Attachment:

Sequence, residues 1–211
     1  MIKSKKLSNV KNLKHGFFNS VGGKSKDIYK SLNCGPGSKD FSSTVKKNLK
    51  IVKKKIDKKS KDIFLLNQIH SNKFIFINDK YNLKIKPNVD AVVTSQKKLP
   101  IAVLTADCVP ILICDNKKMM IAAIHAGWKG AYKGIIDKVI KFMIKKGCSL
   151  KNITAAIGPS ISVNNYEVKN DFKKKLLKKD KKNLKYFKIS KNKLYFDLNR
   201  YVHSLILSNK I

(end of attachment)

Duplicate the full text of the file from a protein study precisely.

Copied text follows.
Sequence, residues 1–211
     1  MIKSKKLSNV KNLKHGFFNS VGGKSKDIYK SLNCGPGSKD FSSTVKKNLK
    51  IVKKKIDKKS KDIFLLNQIH SNKFIFINDK YNLKIKPNVD AVVTSQKKLP
   101  IAVLTADCVP ILICDNKKMM IAAIHAGWKG AYKGIIDKVI KFMIKKGCSL
   151  KNITAAIGPS ISVNNYEVKN DFKKKLLKKD KKNLKYFKIS KNKLYFDLNR
   201  YVHSLILSNK I